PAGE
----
Britain’s first Small Business Commissioner is needed now more than ever

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By Dominic Allon, pictured, Vice President and Managing Director at Intuit Europe

The appointment of the new Small Business Commissioner has felt like a long process. Applications opened in February, closed in March, but the individual won’t be announced until Autumn. In addition, the snap election will have delayed the process. However, this wait should be a positive sign that the selection panel, including Mike Cherry, National Chairman at the FSB and Margot James, Small Business Minister, is making every effort to get the right person in place.

The individual will need to have the right qualities to have credibility among small and large businesses, as well as government. They will become a trusted advisor on how legislation like Auto-enrolment and the minimum living wage will affect small businesses. Ideally, they should have worked with, or as part of, several small businesses. This will reinforce their experience and ability to understand the everyday struggles of an SME.

With this in mind, let’s look at the three main challenges that the Small Business Commissioner will need to address in the coming year:

  1. Late payments: Time and time again we are reminded of the late payments crisis damaging small businesses, who are owed a collective £26.3 billion. Research from the FSB shows that poor payment practices are on the rise, causing 50,000 business deaths each year. The government has recognised this is an issue and launched the Late Payment Reporting Guidance earlier this year. The aim is to help larger businesses report on how quickly they pay smaller business. With cashflow remaining one of the biggest challenges to small business growth, this will be one of the core issues the commissioner will tackle head on. There are no fines or legislation currently in place to force larger firms to pay up. They will need to have strong credibility and negotiation skills to change the UK’s late payments culture.
  1. Funding: In times of uncertainty, many entrepreneurs may not want to start their own business until things have settled. However, we can’t allow the current economic turmoil to harm the UK’s competitiveness. SMEs bring a combined turnover of £1.8 trillion to the UK economy and we must encourage people to follow their dream of running their own business. Key to this will be an increase in, and easier access to, different funding options. For example, there are several government funding schemes and grants aimed at SMEs, such as the Business Enterprise fund for businesses based in North East England and the Innovate2succeed – UK scheme to help with funding for innovation. In addition, some will need educating about using alternative finance methods, such as P2P lending, invoice financing and crowd funding.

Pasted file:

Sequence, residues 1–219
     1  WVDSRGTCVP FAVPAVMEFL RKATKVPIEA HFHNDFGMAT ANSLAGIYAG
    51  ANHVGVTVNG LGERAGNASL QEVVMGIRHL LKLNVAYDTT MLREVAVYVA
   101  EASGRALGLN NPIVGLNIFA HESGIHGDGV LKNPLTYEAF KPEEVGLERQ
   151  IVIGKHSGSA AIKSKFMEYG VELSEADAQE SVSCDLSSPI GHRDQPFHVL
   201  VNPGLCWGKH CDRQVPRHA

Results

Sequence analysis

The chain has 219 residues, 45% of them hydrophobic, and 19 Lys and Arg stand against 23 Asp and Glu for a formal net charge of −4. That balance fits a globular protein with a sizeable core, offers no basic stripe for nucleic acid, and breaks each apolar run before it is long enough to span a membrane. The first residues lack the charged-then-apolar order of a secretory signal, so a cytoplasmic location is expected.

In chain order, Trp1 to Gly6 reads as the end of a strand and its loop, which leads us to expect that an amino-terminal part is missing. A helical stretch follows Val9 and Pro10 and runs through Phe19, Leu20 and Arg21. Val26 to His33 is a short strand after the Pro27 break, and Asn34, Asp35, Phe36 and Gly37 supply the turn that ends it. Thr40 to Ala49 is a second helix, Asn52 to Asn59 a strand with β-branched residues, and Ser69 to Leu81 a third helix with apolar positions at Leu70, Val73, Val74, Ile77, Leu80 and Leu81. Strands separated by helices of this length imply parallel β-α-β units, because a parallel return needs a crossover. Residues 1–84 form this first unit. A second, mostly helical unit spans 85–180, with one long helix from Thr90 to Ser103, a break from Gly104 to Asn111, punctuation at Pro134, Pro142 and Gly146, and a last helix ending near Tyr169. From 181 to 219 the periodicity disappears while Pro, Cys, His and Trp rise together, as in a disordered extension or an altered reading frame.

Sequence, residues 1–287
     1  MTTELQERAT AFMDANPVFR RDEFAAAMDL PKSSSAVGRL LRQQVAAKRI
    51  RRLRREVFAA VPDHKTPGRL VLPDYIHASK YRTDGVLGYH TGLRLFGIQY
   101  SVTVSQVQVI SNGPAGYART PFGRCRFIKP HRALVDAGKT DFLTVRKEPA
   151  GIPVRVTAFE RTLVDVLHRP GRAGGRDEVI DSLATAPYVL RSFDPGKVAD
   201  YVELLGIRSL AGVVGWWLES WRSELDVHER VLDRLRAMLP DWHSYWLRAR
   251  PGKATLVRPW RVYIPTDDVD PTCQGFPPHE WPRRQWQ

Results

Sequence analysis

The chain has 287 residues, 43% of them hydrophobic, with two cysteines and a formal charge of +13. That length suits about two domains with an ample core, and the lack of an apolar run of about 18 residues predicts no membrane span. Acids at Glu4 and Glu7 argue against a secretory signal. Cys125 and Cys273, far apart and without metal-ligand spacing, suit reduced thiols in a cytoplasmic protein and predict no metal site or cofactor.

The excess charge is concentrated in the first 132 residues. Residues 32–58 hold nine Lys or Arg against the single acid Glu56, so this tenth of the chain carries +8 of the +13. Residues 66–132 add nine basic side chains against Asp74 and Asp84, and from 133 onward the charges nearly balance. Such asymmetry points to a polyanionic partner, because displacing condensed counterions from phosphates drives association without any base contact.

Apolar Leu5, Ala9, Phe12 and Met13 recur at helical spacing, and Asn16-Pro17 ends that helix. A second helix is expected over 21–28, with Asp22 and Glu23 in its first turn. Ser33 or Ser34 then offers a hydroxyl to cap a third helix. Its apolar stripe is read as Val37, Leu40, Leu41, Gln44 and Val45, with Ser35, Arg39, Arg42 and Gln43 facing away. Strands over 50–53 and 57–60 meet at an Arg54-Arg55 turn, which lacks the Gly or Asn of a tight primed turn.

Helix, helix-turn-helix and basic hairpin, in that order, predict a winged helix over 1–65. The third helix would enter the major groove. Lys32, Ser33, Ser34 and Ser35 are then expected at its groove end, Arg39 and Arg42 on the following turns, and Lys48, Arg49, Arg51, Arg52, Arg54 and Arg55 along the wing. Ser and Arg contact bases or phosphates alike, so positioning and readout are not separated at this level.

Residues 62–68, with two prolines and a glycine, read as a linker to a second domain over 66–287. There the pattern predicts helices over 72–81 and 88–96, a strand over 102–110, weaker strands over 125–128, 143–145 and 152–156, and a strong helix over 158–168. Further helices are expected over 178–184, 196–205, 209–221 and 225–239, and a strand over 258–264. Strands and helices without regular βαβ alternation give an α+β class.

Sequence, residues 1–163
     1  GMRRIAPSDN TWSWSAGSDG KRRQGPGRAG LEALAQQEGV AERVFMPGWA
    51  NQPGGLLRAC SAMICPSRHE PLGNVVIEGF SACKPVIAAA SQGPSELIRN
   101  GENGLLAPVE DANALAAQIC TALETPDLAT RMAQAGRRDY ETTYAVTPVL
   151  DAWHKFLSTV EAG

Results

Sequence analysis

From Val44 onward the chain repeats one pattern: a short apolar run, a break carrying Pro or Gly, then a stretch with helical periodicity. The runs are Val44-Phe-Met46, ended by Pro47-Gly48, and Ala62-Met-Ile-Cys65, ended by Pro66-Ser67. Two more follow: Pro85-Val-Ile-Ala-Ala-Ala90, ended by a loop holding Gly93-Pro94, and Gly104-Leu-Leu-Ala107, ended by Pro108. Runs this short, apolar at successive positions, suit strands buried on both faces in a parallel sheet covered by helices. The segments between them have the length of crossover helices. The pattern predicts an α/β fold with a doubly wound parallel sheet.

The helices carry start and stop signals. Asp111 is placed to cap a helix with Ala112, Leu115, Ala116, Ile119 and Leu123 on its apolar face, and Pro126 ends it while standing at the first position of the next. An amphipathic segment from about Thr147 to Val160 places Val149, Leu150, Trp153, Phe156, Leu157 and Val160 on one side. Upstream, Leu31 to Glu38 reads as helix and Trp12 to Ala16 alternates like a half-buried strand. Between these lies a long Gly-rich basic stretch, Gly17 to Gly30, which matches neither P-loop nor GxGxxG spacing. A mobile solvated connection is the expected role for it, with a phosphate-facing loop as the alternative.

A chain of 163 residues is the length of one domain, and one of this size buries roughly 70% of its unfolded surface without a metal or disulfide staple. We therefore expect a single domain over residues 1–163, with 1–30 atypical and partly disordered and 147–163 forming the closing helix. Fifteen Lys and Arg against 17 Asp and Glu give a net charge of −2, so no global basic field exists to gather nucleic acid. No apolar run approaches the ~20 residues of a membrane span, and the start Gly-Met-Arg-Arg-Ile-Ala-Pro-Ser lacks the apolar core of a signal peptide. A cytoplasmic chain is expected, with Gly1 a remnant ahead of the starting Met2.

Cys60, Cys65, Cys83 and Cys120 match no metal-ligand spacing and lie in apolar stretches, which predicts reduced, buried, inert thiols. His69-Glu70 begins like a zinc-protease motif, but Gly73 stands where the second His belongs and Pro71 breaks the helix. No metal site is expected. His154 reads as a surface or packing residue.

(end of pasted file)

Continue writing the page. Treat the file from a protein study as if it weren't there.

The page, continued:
1. Rising costs: The rising living wage, business rates going up and compulsory Auto-enrolment are just a few examples of extra costs that SMEs must factor into their business plans and forecasting. Guidance from the Commissioner on how they should build in the investment for these will be crucial. Getting a complete overview of the finances and what’s coming in versus what’s going out will help too. Small firms will be in a much better position to plan for the additional expenses they may incur because of Auto-enrolment. Ultimately, this will allow the small business community to focus on doing what they love; running and growing their business.

Being the first in a new role means the pressure is on. The Commissioner’s background will form an important part of the credibility they have in their new role. They will need to take a hands-on approach to making the shift in culture happen across small and large firms. We cannot underestimate its importance. It will be a chance to set the strategy for supporting the UK’s small businesses and pave the way for how the UK champions SMEs for the years to come.